• 6. dgorgani  |  2 March 2012 at 17:07

      Hey Charity, thanks for the comment.

      Regarding the Gini coefficient, you’re right on. I was actually considering commenting on how close that of the DR is to that of the US, but in the end decided to leave it out to make the post more readable. Man, sure says a lot about the US. Thanks for pointing it out!

      And yeah, I’ve heard that modernity discrepancy is very notable in DF, Mexico. Much more, it seems, than in Santo Domingo, in a large part due to the huge migration of rural residents to unplanned, informal neighborhoods in the capital.

      Thanks again!

  • 7. Jon  |  1 March 2012 at 19:28

    Hey David,

    Ya, here in Mongolia things are quite the same. I’m in a little bubble working with the educated middle class, and it disappoints me when I ask if they live in a Ger (Mongolian Yurt) and they say no, in a tone that means that only poor people live in Gers. So many people in these Ger districts burn ANYTHING to stay warm in winter, which makes this the 2nd most polluted city on earth, but it’s awesome to see Millenium Challenge and the MFI partner I’m working with subsidizing huge amounts of eco friendly things to increase the lives and air quality of the masses while making it cheaper for families to stay warm. I haven’t been doing any loan disbursements or meeting borrowers outside of branch offices yet, but I look forward to starting these soon, and more blogs will entail I’m sure.

    Glad to see you and CG are on better terms now 🙂

  • 8. Gus  |  1 March 2012 at 14:12

    The Haitian situation is a whole separate concept from Metropolis and living conditions of what you find in the city or the outer towns. Santo Domingo doesn’t have any bateys. A Batey is a sugar cane field where they have people living on it (mostly Haitians). Now, you can find poor ‘housing” conditions in Santo Domingo, but those are not “bateys”. Sadly, the DR economic conditions can go from very poor to very rich which comes all the way from history times of colonization. Not all good dining comes from world recognized chains in the DR. It’s a social issue that is not seen in many countries: social economic class is still very seen in this place.

    I guess this post should give relevance of NOT comparing the life inside a batey with a regular everyday life of a Dominican. Totally different worlds.

    • 9. dgorgani  |  1 March 2012 at 17:19

      Hey Gus, thanks for the comment.

      The goal of the post was specifically to point out the contrast between life inside a batey and the everyday life of a Dominican living in the capital, so I’m not sure I follow your point.

      Regarding bateys in the capital, urban bateys were not the focus of my post and I didn’t mean to imply that urban bateys are anything like the one I visited outside of El Seibo. Nonetheless, urban bateys (e.g. Batey Bienvenido in the capital) share the same history as rural bateys and also share some of the same living conditions, decades behind those of Naco, Piantini or La Julia, even if they don’t fit the typical batey description. The term “batey” is confusing (when exactly does a batey cease to be a batey?) but the difference in modernity is still noteworthy.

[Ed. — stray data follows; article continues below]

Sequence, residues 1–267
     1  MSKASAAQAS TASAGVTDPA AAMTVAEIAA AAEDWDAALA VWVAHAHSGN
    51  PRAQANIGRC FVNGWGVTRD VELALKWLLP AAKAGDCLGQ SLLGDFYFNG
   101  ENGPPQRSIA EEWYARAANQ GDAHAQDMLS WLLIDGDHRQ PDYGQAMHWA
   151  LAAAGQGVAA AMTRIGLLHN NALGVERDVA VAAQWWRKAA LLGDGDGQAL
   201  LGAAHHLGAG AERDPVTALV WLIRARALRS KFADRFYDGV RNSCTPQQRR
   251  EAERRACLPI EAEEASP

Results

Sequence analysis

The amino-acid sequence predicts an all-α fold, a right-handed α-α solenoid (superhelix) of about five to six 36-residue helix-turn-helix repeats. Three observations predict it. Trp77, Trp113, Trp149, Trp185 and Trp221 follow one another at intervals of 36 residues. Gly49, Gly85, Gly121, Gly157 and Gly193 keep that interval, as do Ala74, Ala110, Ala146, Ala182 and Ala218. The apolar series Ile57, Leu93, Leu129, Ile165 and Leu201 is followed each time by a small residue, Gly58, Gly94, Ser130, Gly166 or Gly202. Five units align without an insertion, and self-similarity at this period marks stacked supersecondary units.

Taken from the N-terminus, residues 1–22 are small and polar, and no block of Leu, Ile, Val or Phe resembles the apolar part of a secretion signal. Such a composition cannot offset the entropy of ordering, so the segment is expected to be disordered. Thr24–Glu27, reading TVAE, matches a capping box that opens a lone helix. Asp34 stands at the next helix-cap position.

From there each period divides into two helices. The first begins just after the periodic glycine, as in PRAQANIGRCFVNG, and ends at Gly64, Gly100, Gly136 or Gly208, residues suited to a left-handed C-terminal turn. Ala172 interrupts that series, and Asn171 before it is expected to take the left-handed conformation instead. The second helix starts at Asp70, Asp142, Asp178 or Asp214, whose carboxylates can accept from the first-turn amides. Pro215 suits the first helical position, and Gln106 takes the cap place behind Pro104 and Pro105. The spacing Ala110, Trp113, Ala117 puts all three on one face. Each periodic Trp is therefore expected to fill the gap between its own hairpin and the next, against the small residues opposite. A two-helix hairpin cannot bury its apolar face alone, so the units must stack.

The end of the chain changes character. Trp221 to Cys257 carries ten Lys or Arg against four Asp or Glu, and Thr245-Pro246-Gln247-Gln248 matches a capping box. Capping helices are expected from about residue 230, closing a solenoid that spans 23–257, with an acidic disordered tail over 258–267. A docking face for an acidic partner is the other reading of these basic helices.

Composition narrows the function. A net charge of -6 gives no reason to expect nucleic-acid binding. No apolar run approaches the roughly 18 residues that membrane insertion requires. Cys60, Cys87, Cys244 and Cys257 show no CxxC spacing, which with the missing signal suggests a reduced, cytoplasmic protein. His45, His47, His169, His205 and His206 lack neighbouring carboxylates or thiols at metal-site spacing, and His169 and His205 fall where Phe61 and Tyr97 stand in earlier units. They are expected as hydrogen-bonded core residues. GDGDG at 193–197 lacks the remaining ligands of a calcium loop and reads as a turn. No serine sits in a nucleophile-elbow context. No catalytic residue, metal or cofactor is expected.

And I couldn’t agree more that the best dining in the DR comes from Dominican restaurants, as opposed to world-recognized chains. Trust me, I do NOT consider Taco Bell and Hooters to be “good dining” – I prefer the comedor down the street 🙂 I was just pointing out foods from the States that are still at my fingertips…


    • 10. gringacarioca  |  3 March 2012 at 05:30

      I value the comparison the author made between rural bateys and modern life in Sto. Domingo, and I believe that the value lies precisely in comparing the “totally different worlds” you reference in your comment.

      For example, here in the US, we often compare low-income immigrant communities in Harlem with the wealth we see on the Upper West Side. Is this comparison not valid because these two populations are too heterogeneous? No, and that’s exactly why highlighting this short of socioeconomic divide is so important.

      At the end of the day, favela, batey, slum, villa miseria, pueblos jovenes are all just semantics anyway, are they not?

  • 11. gringacarioca  |  1 March 2012 at 12:01

    Al Jazeera English did a great piece a while back about the “stateless” Haitian immigrants in the bateys. Here it is!

  • 12. Esther  |  1 March 2012 at 07:55

    Unfortunately is a harsh reality we are living here the Dominicans.

  • 13. jlgreenthal  |  1 March 2012 at 07:12

    David — those are beautiful pictures of the houses in the batey. I never knew about the dichotomous living standards in Santo Domingo; thanks for shedding light on it. I’m experiencing a similar contrast here in Tagbilaran City as the shiny mall is adjacent to basic, no-frills housing, which is not unlike what you’re seeing every day. Hope you can make it here someday!

    Great post.


    • 14. dgorgani  |  1 March 2012 at 07:28

      Thanks Jamie! I guess that’s why we’re doing this, right? To try to help marginalized populations participate in the economic growth taking place in the developing world…